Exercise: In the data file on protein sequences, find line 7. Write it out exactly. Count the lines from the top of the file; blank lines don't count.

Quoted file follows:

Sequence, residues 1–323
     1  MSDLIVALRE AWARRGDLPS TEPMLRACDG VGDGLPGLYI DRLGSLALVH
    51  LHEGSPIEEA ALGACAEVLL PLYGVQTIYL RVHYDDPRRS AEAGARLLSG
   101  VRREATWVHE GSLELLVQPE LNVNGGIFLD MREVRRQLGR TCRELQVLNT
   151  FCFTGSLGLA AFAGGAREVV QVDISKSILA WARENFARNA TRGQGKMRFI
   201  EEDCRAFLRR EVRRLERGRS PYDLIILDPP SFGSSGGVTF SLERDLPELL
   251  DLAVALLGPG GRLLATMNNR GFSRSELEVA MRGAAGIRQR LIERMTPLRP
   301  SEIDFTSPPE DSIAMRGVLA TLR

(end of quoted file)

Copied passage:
   251  DLAVALLGPG GRLLATMNNR GFSRSELEVA MRGAAGIRQR LIERMTPLRP